Technology is at the heart of all these change drivers. After all, ever-improving tax technologies are what allow governments to demand tax data from corporations in something close to real time. Also, the expanding capabilities of tax technologies are what create the efficiencies that corporate leaders have come to expect, if not demand. Technology also enables the more robust forms of risk assessment and strategic intelligence that corporate leaders have come to rely upon.
Given the increasingly important role technology is playing in the global tax universe, one might expect that corporate tax departments themselves are at least keeping up with the pace of change — unfortunately, that does not appear to be the case.
As mentioned above, compared to last year’s survey, almost two-thirds (64%) of this year’s survey respondents rated their department’s level of technological sophistication at either the “chaotic” or “reactive” stage of development (up from 53% a year ago). Under that categorization, departments may have some tax technology in use, but the company’s systems, departments, and data aren’t integrated enough to take full advantage of automation.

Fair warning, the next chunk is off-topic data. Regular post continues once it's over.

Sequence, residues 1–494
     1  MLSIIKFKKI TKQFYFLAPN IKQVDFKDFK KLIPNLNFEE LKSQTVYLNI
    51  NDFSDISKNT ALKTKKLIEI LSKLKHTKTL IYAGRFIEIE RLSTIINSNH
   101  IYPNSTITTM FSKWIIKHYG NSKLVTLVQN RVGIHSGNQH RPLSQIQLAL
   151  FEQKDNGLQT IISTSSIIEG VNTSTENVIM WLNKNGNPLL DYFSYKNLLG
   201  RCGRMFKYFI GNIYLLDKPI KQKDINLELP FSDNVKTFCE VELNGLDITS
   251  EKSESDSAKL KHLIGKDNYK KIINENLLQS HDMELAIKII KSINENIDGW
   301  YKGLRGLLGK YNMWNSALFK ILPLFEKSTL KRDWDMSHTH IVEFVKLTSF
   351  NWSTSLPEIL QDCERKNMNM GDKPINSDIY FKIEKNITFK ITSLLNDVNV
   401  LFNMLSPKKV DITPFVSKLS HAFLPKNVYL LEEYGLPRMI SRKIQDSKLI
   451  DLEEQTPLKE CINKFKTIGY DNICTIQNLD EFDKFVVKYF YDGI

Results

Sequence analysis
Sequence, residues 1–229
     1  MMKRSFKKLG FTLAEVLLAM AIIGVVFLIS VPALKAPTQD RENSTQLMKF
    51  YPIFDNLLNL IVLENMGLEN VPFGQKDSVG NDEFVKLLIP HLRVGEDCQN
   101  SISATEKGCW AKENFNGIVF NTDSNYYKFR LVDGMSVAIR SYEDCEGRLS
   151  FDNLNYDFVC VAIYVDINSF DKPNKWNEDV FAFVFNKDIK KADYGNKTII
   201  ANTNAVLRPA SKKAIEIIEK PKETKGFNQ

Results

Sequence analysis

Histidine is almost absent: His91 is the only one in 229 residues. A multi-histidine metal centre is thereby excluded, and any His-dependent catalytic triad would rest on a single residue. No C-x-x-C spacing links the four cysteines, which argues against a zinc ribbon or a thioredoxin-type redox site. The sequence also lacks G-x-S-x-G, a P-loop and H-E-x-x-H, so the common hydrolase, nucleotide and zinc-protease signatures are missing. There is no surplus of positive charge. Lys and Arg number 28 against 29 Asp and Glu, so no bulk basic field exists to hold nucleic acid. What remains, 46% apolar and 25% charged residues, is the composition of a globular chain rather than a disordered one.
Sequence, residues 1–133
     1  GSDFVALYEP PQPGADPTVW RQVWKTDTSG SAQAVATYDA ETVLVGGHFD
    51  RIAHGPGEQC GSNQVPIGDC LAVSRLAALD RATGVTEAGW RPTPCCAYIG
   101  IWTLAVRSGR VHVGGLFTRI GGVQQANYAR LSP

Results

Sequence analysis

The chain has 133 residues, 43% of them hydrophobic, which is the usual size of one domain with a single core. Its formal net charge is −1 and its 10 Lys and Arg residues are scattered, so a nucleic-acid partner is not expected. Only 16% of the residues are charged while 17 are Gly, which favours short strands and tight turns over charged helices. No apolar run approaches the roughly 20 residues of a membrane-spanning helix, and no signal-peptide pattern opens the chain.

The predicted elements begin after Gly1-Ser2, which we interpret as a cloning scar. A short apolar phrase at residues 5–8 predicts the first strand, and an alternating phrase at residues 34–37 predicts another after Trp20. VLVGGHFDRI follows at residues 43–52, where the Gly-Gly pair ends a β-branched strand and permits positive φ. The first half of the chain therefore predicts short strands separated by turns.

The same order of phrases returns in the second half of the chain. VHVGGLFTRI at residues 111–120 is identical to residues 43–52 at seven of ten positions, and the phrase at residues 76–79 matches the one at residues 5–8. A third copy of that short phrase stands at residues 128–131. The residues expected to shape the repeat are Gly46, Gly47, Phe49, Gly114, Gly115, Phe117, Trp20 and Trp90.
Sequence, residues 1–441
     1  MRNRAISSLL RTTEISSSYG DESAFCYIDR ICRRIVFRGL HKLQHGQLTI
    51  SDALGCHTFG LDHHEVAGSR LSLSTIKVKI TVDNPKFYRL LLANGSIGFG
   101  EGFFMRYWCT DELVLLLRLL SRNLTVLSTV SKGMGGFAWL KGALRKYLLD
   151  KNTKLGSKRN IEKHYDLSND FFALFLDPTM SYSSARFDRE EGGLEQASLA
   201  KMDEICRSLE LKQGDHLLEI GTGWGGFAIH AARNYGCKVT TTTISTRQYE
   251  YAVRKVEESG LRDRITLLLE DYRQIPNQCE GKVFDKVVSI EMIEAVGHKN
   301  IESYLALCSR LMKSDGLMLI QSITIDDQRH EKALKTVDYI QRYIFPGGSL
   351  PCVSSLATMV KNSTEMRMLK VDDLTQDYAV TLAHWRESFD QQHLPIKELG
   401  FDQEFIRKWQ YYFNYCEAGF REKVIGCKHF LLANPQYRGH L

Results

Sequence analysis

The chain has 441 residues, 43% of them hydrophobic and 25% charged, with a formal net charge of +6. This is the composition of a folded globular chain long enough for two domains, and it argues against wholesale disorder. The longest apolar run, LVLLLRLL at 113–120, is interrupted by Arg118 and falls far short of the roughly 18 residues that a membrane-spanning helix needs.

Furthermore, fewer companies this year rated themselves as either “optimized” or “predictive,” the highest stages of development in which the departments’ fully integrated, enterprise-wide automation of workflows and reporting allows for proactive risk management and participation in strategic decision making.
Last year, 10% of departments rated themselves as “optimized,” compared to only 5% that did so this year. “Predictive” companies dropped from 8% to 7%, as well.
Technology is a resource, of course, so it’s not surprising that departments claiming to be under resourced are also those more likely to find themselves on the chaotic end of the scale, where spreadsheets and manual processes still prevail and tax departments are still highly siloed.
When viewed by the size of the organization, however, it’s apparent that smaller companies —those with less than $50 million in revenue — are feeling the hardest technological squeeze. In 2021, only 17% of companies with less than $50 million in revenue reported feeling chaotic, whereas 42% of companies that size identified as chaotic in 2022.